Normal Republicans cheer Trump’s choice for Office of Management and Budget, Mick Mulvaney, one of the most extreme fiscal hawks, though a problem does arise. How will a fiscal hawk manage a budget designed to massively escalate the deficit? In a post-fact world, maybe that doesn’t matter.

Also cheering to “normal Republicans” is the choice of the radically anti-labor Andy Puzder for secretary of labor, though here too a contradiction may lurk in the background. As the ultrarich CEO of restaurant chains, he relies on the most easily exploited non-union labor for the dirty work, typically immigrants, which doesn’t comport well with the plans to deport them en masse. The same problem arises for the infrastructure programs; the private firms that are set to profit from these initiatives rely heavily on the same labor source, though perhaps that problem can be finessed by redesigning the “beautiful wall” so that it will only keep out Muslims.
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David Kenning ~ Spinoza – Philosopher Of Counter-Radicalization

Read: http://rozenbergquarterly.com/spinoza-the-philosopher-of-counter-radicalization/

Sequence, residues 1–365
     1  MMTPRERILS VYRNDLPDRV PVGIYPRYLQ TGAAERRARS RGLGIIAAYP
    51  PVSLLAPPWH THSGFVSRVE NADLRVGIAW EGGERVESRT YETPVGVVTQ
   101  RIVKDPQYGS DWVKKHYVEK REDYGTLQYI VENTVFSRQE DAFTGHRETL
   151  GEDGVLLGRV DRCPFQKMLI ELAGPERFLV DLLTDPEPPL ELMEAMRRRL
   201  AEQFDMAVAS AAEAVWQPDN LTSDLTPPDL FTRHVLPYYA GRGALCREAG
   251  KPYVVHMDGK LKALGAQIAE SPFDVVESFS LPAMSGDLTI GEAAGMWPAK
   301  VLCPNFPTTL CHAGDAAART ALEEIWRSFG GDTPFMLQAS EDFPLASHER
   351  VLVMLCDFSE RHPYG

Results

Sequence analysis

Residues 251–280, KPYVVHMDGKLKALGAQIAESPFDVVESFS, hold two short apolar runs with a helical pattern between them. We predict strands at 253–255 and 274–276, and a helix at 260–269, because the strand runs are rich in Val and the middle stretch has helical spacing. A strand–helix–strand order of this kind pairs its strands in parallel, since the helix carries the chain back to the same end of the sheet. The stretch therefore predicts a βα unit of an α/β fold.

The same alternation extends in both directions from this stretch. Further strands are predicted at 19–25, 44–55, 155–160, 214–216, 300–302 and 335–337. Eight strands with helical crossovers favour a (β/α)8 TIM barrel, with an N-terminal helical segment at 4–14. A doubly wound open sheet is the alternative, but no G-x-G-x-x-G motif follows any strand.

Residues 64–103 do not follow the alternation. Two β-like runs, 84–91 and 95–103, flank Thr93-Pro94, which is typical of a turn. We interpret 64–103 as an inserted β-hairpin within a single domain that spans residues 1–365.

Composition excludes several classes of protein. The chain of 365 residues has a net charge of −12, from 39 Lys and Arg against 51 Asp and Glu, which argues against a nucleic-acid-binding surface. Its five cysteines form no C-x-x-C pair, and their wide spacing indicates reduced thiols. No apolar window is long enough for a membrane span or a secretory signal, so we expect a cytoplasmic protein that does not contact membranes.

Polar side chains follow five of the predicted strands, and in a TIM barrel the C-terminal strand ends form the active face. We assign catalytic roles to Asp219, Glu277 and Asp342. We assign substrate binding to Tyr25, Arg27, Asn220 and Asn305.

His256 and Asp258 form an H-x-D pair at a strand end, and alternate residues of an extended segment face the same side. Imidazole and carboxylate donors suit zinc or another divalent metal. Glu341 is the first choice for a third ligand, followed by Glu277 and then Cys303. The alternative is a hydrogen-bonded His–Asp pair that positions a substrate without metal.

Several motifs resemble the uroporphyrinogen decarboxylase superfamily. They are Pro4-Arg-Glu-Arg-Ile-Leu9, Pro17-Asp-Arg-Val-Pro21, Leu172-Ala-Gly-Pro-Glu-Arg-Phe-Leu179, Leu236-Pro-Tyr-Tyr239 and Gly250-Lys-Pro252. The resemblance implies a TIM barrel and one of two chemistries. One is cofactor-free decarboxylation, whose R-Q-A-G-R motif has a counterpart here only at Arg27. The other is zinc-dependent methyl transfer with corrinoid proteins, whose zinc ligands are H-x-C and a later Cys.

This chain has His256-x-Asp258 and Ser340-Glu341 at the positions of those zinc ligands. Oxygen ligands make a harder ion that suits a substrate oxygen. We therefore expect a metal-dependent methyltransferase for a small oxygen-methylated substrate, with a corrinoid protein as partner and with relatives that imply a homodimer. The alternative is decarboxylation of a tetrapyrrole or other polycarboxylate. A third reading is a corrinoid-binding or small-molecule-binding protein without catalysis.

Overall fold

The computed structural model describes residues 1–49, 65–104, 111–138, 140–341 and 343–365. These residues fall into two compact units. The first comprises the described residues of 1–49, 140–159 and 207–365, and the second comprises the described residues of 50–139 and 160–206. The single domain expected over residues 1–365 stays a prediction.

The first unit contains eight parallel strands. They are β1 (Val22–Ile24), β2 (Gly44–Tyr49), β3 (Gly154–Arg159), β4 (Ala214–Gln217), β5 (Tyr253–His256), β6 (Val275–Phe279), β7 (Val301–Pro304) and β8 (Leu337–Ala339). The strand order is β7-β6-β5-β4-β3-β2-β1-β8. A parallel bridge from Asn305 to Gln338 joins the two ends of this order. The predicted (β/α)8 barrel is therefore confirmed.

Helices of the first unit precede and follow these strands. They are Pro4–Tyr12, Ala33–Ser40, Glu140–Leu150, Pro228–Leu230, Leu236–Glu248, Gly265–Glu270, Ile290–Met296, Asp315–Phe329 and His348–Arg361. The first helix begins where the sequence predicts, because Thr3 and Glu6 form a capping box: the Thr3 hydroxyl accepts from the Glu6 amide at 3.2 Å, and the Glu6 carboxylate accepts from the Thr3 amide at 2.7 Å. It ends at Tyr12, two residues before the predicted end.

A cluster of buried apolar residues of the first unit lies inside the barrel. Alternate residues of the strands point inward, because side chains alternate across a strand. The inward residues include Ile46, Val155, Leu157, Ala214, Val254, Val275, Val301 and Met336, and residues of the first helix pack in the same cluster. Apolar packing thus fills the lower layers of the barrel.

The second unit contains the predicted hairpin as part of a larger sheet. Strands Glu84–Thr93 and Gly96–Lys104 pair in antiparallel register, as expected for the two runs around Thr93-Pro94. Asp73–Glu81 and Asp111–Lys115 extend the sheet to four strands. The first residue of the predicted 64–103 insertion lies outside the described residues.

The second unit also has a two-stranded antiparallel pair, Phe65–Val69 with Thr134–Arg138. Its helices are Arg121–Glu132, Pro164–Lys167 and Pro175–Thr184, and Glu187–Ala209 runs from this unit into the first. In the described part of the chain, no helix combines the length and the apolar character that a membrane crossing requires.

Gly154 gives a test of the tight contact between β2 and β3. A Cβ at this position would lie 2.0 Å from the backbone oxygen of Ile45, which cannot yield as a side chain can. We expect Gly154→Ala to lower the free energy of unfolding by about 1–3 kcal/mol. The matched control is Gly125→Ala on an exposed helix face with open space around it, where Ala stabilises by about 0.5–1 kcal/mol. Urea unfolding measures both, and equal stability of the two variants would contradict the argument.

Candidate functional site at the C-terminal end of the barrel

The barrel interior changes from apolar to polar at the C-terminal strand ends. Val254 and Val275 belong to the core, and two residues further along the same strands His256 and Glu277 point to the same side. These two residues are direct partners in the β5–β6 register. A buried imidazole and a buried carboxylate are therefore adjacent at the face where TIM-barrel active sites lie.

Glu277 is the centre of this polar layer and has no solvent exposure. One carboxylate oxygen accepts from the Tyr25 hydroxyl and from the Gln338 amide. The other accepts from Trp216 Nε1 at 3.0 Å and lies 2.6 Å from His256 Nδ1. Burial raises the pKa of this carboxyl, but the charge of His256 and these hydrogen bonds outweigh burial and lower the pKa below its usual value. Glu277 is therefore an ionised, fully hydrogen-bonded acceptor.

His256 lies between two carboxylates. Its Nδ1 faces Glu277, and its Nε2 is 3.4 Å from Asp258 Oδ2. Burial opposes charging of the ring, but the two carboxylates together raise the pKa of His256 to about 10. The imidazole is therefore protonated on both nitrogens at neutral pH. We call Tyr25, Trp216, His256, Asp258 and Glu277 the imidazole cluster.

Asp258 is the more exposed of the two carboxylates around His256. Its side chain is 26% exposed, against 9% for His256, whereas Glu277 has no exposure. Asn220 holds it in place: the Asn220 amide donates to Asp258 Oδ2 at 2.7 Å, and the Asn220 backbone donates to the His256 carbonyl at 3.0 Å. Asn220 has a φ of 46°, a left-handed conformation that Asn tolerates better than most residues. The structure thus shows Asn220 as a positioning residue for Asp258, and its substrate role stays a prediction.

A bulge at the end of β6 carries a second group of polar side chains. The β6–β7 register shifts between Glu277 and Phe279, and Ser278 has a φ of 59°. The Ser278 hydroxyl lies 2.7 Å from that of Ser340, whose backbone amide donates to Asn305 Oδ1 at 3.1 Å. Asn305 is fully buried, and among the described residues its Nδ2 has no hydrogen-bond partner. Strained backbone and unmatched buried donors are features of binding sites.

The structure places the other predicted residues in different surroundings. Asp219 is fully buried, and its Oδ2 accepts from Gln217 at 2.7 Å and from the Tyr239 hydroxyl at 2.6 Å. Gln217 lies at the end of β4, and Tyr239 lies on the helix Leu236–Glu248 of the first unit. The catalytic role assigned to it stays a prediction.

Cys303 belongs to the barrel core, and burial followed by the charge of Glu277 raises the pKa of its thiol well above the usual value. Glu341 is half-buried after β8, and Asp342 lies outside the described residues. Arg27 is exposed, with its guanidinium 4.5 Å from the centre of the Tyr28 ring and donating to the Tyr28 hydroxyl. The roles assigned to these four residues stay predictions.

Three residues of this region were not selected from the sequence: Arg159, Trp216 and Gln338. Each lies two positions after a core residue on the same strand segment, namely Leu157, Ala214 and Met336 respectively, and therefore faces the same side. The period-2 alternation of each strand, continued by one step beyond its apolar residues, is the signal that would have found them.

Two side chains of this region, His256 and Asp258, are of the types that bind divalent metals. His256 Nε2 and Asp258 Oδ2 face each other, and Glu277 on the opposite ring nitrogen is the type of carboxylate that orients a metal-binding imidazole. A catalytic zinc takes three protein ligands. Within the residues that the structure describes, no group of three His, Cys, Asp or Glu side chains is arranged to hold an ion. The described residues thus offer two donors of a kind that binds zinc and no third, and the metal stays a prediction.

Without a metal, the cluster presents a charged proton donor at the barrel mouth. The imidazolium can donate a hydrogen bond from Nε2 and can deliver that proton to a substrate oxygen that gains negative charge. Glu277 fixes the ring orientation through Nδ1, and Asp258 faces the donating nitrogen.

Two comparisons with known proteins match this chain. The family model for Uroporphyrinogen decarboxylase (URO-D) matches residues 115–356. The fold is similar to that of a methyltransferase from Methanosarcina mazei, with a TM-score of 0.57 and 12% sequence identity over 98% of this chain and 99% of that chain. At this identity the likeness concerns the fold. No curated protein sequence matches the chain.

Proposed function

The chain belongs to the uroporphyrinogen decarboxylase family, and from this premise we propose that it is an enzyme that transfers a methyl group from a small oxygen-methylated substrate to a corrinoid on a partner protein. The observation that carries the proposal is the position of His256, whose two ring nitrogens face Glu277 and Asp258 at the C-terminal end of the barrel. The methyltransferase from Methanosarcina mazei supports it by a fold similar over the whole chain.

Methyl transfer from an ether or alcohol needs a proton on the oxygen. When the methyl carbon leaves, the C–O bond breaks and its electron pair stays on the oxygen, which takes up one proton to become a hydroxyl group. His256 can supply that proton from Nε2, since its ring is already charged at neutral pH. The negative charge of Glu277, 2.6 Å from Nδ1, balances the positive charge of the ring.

Amsterdamse Spinoza Kring: http://www.amsterdamsespinozakring.nl/

Read more:
~ Paul Bell – Isis and Violent Extremism: Is the West’s Counter-Narrative Making the Problem worse? Influence:  http://influence.cipr.co.uk/isis-violent-extremism-
~ David Ignatius – The Islamic State feeds off Western Islamophobia ~ Washington Post:  https://www.washingtonpost.com/the-islamic-state-is-fueled-by-islamophobia

Critique Of Heaven And Earth Equality ~ Religion And Political Emancipation According To Karl Marx

Introduction
Both left-wing and right-wing parties and movements claim to defend Western Values while demonstrating against Islam or against Islamophobia and Populism. From both sides we hear words like Liberty and Equality. Both sides are pointing to the Enlightenment as the core of European Values. When defending ‘European Civilisation’, everyone points to the French Revolution and its Manifesto, the Declaration of Human Rights. The French struggle against privilege, for equal political rights was the start of the political emancipation of the citizens that after 1789 spread all over Europe.